The Inter-Agency Standing Committee (IASC) is the arm of the international community that provides guidelines for practice in humanitarian emergencies and coordinates among the three parts of the humanitarian system: the United Nations and its agencies; the Red Cross and Red Crescent Societies and the International Committee for the Red Cross; and the consortia of International non-governmental organizations (NGOs). This article describes the IASC Guidelines for Mental Health and Psychosocial Support in Emergency Settings, their role and history, and the role of social work in their development. The article notes the concurrence of various aspects of the Guidelines with social work practice, and provides case examples of social work interventions in the context of the Guidelines. Practical tools that social workers can use when confronting emergencies at home or abroad are included in the reference list.
Praveen Kumar, Smitha Rao, and Gautam N. Yadama
Energy poverty is lack of access to adequate, high-quality, clean, and affordable forms of energy or energy systems. It is a prominent risk factor for global burden of disease and has severe environmental, social, and economic implications. Despite recent international attention to address energy for the poor, there is a limited consensus over a unified framework defining energy poverty, which impacts almost 2.8 billion mostly poor people, especially in Asia, Latin America, and sub-Saharan Africa. Sub-Saharan Africa and South Asia have the largest number of energy poor. India, in South Asia, comprises a significant proportion of energy-impoverished households. There is a continued effort by the Indian government, non-profit agencies, and private organizations to address the needs of energy poor. Social workers have a significant role to play in these interventions addressing energy poverty in India. Emerging research and practice in the energy poverty field in India calls for transdisciplinary collaboration especially between social work practitioners of community development, environmental health, public health, and social policy.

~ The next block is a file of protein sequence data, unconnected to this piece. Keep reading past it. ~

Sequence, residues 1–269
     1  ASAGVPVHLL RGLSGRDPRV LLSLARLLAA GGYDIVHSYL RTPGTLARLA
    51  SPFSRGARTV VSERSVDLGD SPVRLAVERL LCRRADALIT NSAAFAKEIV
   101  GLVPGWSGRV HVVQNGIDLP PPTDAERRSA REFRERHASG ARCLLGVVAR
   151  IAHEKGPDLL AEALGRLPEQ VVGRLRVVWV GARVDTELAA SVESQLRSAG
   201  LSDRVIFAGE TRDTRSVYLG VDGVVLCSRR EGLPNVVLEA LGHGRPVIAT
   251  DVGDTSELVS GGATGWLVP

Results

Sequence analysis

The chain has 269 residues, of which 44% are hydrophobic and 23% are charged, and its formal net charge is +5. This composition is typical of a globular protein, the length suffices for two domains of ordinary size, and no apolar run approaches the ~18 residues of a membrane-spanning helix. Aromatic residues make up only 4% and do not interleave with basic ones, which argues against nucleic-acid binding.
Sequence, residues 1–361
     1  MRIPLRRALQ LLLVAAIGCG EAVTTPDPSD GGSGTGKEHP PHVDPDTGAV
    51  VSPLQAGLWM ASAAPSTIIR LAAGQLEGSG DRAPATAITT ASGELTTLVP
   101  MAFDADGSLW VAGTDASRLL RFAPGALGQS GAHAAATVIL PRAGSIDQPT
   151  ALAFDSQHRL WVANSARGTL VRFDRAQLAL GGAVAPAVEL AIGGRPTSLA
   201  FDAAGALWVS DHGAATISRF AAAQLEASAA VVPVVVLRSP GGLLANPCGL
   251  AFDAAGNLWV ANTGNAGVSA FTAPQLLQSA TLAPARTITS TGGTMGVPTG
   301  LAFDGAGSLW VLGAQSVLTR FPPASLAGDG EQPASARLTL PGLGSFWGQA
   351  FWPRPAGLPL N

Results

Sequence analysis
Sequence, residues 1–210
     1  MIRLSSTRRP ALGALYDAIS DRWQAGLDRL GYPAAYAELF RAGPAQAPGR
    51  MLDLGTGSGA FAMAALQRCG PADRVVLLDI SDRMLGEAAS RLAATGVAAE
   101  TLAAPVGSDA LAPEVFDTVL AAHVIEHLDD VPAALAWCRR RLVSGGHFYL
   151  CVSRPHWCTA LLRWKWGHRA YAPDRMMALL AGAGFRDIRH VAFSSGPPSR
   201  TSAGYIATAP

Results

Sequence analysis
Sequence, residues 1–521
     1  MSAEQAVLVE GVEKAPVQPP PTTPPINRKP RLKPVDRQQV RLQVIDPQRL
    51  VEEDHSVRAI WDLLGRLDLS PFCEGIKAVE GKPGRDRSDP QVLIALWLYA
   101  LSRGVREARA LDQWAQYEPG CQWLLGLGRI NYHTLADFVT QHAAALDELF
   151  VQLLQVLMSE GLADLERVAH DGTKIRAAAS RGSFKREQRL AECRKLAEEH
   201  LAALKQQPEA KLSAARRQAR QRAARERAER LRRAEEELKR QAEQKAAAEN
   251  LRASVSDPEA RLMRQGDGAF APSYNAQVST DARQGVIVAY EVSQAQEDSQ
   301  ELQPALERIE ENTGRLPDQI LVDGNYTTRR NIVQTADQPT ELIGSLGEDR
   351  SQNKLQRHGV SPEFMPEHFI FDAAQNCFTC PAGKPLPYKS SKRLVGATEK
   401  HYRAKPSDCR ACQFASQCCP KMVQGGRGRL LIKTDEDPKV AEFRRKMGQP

Karen M. Sowers, Catherine N. Dulmus, and Braden K. Linn
In the 2010s, mental health and related issues such as suicide have become major global issues of public health concern. The indirect costs to the global economy of mental illness—encompassing such factors as loss of productivity and the spending on mental health services and other direct costs—amount to approximately $2.5 trillion a year. Global health experts and economists project this amount will increase to approximately $6 trillion by 2030. When gone untreated, mental illnesses account for 13% of the total global burden of disease. By the year 2030 it is expected that depression alone will be the leading cause of the global disease burden. Unfortunately, many persons suffering with mental illnesses do go untreated or receive marginally effective treatments. However, recent advances in technology, evidence-based treatments, and delivery systems of care provide hope for the world’s mentally ill population.
Robert G. Hasson III, Jodi Berger Cardoso, and Thomas M. Crea